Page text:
while true: !!!

Steve Holden sholden at holdenweb.com
Tue Dec 19 08:22:31 EST 2000

Greg Jorgensen <gregj at pobox.com> wrote in message
news:DnD%5.166633$U46.5342944 at news1.sttls1.wa.home.com...
> "Blair Lowe" <Blair.Lowe at compeng.net> wrote:
> You can define true and false yourself, as many C/C++ header files do, but
> then you run the risk of stuff like this:
>     true = 1
>     false = 0
>     ...
>     a = len(s)
>     if a == true:  # fails unless a is 1
I've always tried to discourage students from comparing a Boolean with a
constant, but it can be difficult to get the point over that (a) can
evaluate as true even though (a == some_constant) may well evaluate to

Clearly, if what you have is a Boolean value (i.e. one which can be used as
the expression in an "if" statement) then it's adding inefficiency to
compare it with something, when what should be used is either

    if a:


    if not a:

This works quite nicely in Python:

>>> not "forever"
>>> not ()
>>> not(1,2,3)

although I have worked in languages where, due to bad semantics, any
non-zero value was treated as true, and the "not" operator simply did a
bitwise inversion, so (not {something true}) also evaluated true.

Be that as it may, I would still argue it's bad pedagogy to suggest that
people write "if Boolean == true_constant", since this *should* (but
sometimes isn't, in poorly designed languages) be equivalent to "if

> It's much harder to track this kind of thing down than learning once in
> career what "while 1" means.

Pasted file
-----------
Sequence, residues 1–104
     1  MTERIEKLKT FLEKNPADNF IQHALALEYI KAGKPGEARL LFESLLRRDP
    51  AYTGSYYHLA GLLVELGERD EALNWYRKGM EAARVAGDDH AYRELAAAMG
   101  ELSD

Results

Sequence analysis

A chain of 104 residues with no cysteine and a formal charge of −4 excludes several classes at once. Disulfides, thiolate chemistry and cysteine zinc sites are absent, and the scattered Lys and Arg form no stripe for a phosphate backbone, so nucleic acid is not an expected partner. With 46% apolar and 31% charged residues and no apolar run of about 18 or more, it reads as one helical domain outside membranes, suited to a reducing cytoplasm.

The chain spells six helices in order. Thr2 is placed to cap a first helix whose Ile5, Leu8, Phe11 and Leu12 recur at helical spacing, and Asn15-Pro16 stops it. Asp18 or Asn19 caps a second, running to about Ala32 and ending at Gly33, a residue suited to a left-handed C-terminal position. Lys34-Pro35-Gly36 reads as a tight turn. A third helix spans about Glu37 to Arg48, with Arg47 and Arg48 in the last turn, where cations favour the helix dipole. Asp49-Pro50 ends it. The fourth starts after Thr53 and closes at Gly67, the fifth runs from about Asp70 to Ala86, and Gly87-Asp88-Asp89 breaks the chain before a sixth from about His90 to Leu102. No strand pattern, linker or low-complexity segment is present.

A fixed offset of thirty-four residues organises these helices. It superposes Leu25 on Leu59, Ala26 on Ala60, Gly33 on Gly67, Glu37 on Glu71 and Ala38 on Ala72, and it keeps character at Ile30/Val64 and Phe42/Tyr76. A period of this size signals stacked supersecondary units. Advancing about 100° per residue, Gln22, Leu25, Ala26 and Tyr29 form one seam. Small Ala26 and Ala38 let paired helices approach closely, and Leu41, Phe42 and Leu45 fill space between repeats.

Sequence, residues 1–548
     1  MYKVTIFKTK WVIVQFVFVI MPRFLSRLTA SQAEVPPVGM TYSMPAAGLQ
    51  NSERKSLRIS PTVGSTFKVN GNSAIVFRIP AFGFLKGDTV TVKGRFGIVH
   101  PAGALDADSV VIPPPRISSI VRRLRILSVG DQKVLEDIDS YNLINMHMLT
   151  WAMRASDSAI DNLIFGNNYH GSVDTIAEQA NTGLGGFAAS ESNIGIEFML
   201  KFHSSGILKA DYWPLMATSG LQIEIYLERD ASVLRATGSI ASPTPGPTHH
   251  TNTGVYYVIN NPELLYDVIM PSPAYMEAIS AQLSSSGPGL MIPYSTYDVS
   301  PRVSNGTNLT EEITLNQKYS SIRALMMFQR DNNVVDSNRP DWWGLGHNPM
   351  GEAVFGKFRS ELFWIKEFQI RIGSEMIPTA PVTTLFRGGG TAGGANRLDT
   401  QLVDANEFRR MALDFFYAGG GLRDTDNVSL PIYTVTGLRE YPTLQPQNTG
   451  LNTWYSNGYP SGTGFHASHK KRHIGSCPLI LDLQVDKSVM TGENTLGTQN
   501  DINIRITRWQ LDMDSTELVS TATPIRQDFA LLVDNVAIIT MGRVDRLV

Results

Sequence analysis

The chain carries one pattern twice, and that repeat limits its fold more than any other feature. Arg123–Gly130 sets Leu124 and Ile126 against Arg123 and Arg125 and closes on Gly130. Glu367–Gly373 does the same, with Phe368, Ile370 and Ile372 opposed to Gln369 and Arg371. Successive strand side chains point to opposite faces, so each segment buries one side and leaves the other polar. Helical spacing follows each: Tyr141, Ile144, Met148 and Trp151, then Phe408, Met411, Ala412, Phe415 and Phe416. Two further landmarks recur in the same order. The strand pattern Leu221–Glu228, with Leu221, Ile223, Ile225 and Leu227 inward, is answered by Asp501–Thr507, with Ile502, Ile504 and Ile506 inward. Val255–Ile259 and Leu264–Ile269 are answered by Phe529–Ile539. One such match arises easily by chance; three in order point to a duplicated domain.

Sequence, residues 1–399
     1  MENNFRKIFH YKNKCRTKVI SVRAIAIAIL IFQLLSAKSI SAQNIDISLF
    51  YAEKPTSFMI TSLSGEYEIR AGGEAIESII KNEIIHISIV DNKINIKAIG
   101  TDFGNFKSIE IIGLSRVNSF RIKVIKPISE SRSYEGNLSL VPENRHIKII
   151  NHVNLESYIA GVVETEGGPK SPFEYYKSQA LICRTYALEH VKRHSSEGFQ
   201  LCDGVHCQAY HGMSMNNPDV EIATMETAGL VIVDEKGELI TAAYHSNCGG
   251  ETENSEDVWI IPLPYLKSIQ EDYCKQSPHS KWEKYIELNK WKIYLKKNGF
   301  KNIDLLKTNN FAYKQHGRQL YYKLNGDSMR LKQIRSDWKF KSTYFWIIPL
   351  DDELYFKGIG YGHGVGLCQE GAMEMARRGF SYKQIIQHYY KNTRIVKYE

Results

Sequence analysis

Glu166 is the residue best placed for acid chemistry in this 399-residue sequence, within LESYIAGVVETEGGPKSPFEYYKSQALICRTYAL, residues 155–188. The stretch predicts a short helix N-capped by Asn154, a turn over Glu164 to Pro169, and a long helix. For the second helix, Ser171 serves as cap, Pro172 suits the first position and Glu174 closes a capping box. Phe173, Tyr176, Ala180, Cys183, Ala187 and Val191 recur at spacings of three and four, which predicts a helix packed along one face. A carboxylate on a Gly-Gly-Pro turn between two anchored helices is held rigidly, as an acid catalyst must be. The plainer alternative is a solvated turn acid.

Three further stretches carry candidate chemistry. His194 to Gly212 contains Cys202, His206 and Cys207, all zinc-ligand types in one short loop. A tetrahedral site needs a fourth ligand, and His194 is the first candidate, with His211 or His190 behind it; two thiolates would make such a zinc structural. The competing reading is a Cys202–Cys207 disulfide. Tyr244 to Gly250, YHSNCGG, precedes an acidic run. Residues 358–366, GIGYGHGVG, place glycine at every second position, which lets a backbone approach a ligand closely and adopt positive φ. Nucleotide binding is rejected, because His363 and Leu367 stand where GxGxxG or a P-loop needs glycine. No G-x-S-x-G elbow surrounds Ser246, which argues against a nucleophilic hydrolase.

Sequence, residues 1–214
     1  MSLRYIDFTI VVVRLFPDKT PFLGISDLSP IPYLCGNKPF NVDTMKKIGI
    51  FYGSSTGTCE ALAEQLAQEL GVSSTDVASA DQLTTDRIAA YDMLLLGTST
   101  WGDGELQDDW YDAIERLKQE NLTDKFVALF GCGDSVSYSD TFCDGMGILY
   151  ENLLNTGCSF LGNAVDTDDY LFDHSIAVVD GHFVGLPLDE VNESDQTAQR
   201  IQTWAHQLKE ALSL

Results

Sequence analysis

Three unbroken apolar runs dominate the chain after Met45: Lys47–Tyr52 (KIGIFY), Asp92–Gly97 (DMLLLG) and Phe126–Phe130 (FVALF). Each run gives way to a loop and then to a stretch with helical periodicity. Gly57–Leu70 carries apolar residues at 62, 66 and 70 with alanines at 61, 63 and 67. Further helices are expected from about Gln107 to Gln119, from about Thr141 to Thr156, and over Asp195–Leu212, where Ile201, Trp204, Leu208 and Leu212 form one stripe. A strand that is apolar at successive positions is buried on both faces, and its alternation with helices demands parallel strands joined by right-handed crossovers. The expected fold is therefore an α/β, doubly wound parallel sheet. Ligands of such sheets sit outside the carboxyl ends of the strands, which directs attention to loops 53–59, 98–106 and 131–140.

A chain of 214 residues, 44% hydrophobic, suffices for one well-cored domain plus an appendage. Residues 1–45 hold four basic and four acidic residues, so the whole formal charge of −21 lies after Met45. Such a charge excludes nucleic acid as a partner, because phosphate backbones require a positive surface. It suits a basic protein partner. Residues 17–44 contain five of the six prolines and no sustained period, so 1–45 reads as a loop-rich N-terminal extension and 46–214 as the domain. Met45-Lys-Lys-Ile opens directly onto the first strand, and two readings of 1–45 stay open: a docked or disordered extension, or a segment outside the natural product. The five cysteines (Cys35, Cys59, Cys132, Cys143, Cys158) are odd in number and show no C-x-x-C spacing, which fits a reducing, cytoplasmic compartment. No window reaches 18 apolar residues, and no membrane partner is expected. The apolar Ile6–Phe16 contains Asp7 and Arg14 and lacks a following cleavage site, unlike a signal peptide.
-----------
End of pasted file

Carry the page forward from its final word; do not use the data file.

> > While "while 1" (pardon the pun) is a standard fixture that anyone
> > with any experience knows what is going on, the whole point is to
> > make all our code readable so that we, and others can maintain it and
> > reuse it easily.
> Exactly--that's why learning idioms is as important as learning syntax.
This is why c.l.p. is so helpful: the idioms are regularly presented.

> > Although the definition is cryptic, the resulting code is
> > very readable. That is what we want.
> Until it doesn't work. Encountering "while true:" in a program, a newbie
> assume that true is a Python keyword. I remember a C++ programmer I worked
> with who though that true and false were keywords until he discovered this
> (typical) definition in a header file:
>     enum { false = 0, true = -1 };
Although one could argue that he was using a local idiom.  But in general,
and especially in a learning environment, cryptic definitions aren't always
waht you want.  If someone then wants to look "under the hood" they have to
reach a new level of understanding.  "while 1" isn't really that difficult!


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